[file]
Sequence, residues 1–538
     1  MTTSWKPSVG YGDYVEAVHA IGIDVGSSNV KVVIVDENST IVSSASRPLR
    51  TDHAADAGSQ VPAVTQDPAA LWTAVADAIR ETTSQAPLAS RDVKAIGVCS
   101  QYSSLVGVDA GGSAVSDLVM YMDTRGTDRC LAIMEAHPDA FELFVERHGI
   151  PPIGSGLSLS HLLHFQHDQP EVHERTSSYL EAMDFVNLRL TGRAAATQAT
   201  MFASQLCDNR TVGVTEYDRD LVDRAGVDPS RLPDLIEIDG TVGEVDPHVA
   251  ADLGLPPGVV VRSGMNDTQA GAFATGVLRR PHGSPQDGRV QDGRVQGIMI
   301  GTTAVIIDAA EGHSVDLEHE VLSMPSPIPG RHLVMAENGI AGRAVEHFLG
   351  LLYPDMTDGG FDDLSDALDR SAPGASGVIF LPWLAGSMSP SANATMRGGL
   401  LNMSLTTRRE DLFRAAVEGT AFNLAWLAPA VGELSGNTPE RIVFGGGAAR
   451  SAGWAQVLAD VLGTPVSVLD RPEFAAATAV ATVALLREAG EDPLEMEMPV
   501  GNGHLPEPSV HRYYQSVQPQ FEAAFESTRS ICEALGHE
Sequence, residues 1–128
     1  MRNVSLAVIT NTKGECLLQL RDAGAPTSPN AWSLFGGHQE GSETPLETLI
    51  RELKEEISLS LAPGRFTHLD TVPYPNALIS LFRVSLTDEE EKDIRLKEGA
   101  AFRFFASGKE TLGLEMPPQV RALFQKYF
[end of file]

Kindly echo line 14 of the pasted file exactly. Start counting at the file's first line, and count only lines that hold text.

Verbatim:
     1  MRNVSLAVIT NTKGECLLQL RDAGAPTSPN AWSLFGGHQE GSETPLETLI